and victories behind. They shed a united light on the advancing
actor. He is attended as by a visible escort of angels. That is it
which throws thunder into Chatham's voice, and dignity into
Washington's port, and America into Adam's eye. Honor is
venerable to us because it is no ephemera. It is always ancient
virtue. We worship it today because it is not of today. We love it
and pay it homage because it is not a trap for our love and
homage, but is self-dependent, self-derived, and therefore of
an old immaculate pedigree, even if shown in a young person.

I hope in these days we have heard the last of conformity
and consistency. Let the words be gazetted and ridiculous
henceforward. Instead of the gong for dinner, let us hear a
whistle from the Spartan fife. Let us never bow and apologize
more. A great man is coming to eat at my house. I do not wish
to please him; I wish that he should wish to please me. I will
stand here for humanity, and though I would make it kind, I
would make it true. Let us affront and reprimand the smooth
mediocrity and squalid contentment of the times, and hurl in
the face of custom and trade and office, the fact which is the
upshot of all history, that there is a great responsible Thinker
and Actor working wherever a man works; that a true man
belongs to no other time or place, but is the center of things.
Where he is, there is nature. He measures you and all men
and all events. Ordinarily, every body in society reminds us
of somewhat else, or of some other person. Character, reality,
reminds you of nothing else; it takes place of the whole
creation. The man must be so much, that he must make all
circumstances indifferent. Every true man is a cause, a country,
and an age; requires infinite spaces and numbers and time
fully to accomplish his design; -- and posterity seem to follow
his steps as a train of clients. A man Caesar is born, and for
ages after we have a Roman Empire. Christ is born, and
millions of minds so grow and cleave to his genius, that he is
confounded with virtue and the possible of man. An institution
is the lengthened shadow of one man; as, Monachism, of the
Hermit Antony; the Reformation, of Luther; Quakerism, of Fox;
Methodism, of Wesley; Abolition, of Clarkson. Scipio, Milton
called "the height of Rome"; and all history resolves itself very
easily into the biography of a few stout and earnest persons.

Let a man then know his worth, and keep things under his
feet. Let him not peep or steal, or skulk up and down with the
air of a charity-boy, a bastard, or an interloper in the world
which exists for him. But the man in the street, finding no worth
in himself which corresponds to the force which built a tower or
sculptured a marble god, feels poor when he looks on these.
To him a palace, a statue, or a costly book have an alien and
forbidding air, much like a gay equipage, and seem to say like
that, "Who are you, Sir?" Yet they all are his, suitors for his
notice, petitioners to his faculties that they will come out and
take possession. The picture waits for my verdict: it is not to
command me, but I am to settle its claims to praise. That
popular fable of the sot who was picked up dead-drunk in the
street, carried to the duke's house, washed and dressed and
laid in the duke's bed, and, on his waking, treated with all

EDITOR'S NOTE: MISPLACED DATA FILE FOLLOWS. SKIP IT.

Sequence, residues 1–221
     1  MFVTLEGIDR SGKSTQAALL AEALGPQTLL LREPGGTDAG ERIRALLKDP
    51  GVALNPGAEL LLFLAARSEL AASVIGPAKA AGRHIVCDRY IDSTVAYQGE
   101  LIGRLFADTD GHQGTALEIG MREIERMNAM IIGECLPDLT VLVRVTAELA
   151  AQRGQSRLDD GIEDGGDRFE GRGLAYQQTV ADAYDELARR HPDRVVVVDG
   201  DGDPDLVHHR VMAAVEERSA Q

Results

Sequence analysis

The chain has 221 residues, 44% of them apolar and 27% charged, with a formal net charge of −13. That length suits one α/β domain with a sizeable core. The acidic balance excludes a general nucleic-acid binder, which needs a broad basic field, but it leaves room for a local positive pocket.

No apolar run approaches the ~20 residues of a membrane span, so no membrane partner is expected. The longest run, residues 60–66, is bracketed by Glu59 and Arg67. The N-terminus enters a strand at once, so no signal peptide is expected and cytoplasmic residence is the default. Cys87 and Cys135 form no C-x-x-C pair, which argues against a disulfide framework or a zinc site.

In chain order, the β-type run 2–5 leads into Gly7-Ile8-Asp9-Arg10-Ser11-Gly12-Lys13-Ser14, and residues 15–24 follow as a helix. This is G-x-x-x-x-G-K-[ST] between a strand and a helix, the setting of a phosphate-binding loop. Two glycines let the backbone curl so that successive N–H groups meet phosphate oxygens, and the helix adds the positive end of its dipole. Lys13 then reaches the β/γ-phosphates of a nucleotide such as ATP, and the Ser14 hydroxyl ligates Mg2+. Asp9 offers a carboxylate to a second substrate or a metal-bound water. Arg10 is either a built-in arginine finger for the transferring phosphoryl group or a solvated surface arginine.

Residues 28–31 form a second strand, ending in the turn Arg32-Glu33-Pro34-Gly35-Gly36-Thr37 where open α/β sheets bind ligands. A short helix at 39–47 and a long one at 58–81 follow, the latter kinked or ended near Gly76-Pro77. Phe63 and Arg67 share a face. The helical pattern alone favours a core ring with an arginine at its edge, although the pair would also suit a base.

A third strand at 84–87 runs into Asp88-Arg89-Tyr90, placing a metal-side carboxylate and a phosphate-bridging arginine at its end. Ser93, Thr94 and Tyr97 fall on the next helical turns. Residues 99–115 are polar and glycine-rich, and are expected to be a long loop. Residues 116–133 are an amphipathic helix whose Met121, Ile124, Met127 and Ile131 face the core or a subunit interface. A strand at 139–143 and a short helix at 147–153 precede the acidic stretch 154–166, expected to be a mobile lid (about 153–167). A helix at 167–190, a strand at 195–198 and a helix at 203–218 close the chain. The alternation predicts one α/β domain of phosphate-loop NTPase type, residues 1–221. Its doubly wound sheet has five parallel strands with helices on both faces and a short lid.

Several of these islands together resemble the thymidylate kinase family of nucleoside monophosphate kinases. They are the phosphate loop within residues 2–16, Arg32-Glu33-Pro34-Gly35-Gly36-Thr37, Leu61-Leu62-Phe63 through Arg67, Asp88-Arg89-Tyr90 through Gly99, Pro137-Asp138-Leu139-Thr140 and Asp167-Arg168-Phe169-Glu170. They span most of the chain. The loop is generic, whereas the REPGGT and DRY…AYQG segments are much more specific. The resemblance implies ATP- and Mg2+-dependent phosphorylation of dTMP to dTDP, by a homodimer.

obsequious ceremony like the duke, and assured that he had
been insane, owes its popularity to the fact that it symbolizes
so well the state of man, who is in the world a sort of sot, but
now and then wakes up, exercises his reason, and finds
himself a true prince.

Our reading is mendicant and sycophantic. In history our
imagination plays us false. Kingdom and lordship, power and
estate, are a gaudier vocabulary than private John and
Edward in a small house and common day's work; but the
things of life are the same to both; the sum total of both is
the same. Why all this deference to Alfred and Scanderbeg
and Gustavus? Suppose they were virtuous; did they wear
out virtue? As great a stake depends on your private act
today as followed their public and renowned steps. When
private men shall act with original views, the lustre will be
transferred from the actions of kings to those of gentlemen.

The world has been instructed by its kings, who have
so magnetized the eyes of nations. It has been taught by
this colossal symbol the mutual reverence that is due from
man to man. The joyful loyalty with which men have
everywhere suffered the king, the noble, or the great
proprietor to walk among them by a law of his own, make
his own scale of men and things, and reverse theirs, pay for
benefits not with money but with honor, and represent the
law in his person, was the hieroglyphic by which they obscurely
signified their consciousness of their own right and comeliness,
the right of every man.

The magnetism which all original action exerts is explained
when we inquire the reason of self-trust. Who is the Trustee?
What is the aboriginal Self, on which a universal reliance may
be grounded? What is the nature and power of that science-
baffling star, without parallax, without calculable elements,
which shoots a ray of beauty even into trivial and impure
actions, if the least mark of independence appear? The inquiry
leads us to that source, at once the essence of genius, of
virtue, and of life, which we call Spontaneity or Instinct. We
denote this primary wisdom as Intuition, whilst all later
teachings are tuitions. In that deep force, the last fact behind
which analysis cannot go, all things find their common origin.
For the sense of being which in calm hours rises, we know
not how, in the soul, is not diverse from things, from space,
from light, from time, from man, but one with them and proceeds
obviously from the same source whence their life and being also
proceed. We first share the life by which things exist and
afterwards see them as appearances in nature and forget that
we have shared their cause. Here is the fountain of action and
of thought. Here are the lungs of that inspiration which giveth
man wisdom and which cannot be denied without impiety and
atheism. We lie in the lap of immense intelligence, which makes
us receivers of its truth and organs of its activity. When we